Women Diagnosed with Fetal Abnormalities Denied Abortions in U.K.
Two UK non-profits will testify today that women diagnosed with fetal anomalies are denied abortions and forced to deliver their stillborn babies.
Britain's Antenatal Results and Choices (ARC) charity and the British Pregnancy Advisory Service (BPAS) will host a conference today, calling for the British health secretary to address this issue. According to The Guardian, 800,000 women will become pregnant in the UK each year. 35,000 will be told their fetus is at risk and fewer than 4,000 will have an abnormality diagnosed in their unborn child.
For many of those 4,000 women, ARC and BPAS said, they were forced to induce labor and denied the option of aborting the fetus.
"Ending a wanted pregnancy after a diagnosis of foetal anomaly is extremely distressing for women and their partners," said Jane Fisher, director of ARC. "At such a difficult time our research tells us that it is important that women are given the space and time to decide on the termination method that they can best cope with."
According to The Guardian, pregnancy terminations due to fetal abnormalities are legal under Ground E of The Abortion Act. They account for just 1 percent of all abortions in the UK.
10/31/2014 Federal Judge Exempts Another Catholic University from Birth Control Coverage - A federal judge ruled Tuesday that Ave Maria University, a Catholic university in Florida, does not have to comply with federal rules meant to ensure that covered employees can exercise their right to obtain birth control at no cost.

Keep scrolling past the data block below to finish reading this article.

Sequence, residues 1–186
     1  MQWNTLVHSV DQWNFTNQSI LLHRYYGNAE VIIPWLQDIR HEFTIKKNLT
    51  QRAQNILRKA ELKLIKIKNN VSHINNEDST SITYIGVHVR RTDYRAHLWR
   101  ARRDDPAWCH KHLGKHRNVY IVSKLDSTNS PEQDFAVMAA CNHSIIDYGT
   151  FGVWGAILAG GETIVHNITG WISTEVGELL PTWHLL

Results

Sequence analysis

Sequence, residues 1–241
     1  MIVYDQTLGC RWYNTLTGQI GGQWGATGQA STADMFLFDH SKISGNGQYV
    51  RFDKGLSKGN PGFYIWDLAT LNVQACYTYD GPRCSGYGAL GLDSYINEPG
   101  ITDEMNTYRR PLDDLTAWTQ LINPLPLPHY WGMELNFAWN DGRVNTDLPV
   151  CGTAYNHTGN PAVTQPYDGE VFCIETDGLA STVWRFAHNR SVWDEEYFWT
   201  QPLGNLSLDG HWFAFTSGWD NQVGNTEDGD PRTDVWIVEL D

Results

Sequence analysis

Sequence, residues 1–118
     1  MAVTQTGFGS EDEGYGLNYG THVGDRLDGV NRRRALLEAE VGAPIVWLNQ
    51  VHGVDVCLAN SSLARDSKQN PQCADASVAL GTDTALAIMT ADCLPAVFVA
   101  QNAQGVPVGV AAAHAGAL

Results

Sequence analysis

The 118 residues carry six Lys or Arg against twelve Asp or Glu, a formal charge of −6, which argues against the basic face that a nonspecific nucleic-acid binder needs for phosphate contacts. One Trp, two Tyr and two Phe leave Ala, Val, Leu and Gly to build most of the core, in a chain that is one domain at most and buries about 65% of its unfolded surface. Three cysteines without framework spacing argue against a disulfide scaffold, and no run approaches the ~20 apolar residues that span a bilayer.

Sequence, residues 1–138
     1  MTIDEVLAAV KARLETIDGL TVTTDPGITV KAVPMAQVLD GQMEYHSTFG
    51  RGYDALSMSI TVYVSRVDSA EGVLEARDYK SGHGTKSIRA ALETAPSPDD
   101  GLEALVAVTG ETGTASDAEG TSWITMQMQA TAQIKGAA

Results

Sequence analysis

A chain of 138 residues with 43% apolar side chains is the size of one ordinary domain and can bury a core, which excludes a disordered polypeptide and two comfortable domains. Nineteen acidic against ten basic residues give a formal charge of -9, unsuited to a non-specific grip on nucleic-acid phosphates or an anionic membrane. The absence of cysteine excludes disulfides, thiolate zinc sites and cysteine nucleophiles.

The Affordable Care Act requires all new health insurance plans to cover all FDA-approved contraceptives - such as the pill, emergency contraceptives, and IUDs - without charging co-pays, deductibles or co-insurance. . . .
10/31/2014 Women of Color in Tennessee Are United in Opposition to Amendment 1 - Just days before the general election in Tennessee, a coalition of community leaders, clergy, and advocates led a press conference encouraging women of color to vote no on Amendment 1, a dangerous and far-reaching measure on the state's ballot.
SisterReach, a grassroots organization focused on "empowering, organizing, and mobilizing women and girls in the community around their reproductive and sexual health to make informed decisions about themselves," organized the press conference "to call attention to the unique concerns Black and poor communities throughout Shelby County and across the state of Tennessee face on a daily basis" and to emphasize how the upcoming election "could further limit [black women's] reproductive, economic, political, and social autonomy."
"We assemble today to impress upon black women and women of color, many of whom are heads of households, to get out and vote," said SisterReacher Founder and CEO Cherisse Scott at the event.
SisterReach has been educating voters about the particularly dangerous impact of Amendment 1 on women of color. . . .
10/30/2014 Medication Abortion Access Threatened by Oklahoma Court Ruling - An Oklahoma state district court judge has refused to block a state law restricting medication abortion, clearing the way for the law to go into affect on November 1.
The Oklahoma Coalition for Reproductive Justice, together with a local abortion clinic in Tulsa, challenged HB 2684 in September, arguing that the law was an unconstitutional restriction on non-surgical abortion in the earliest weeks of pregnancy. . . .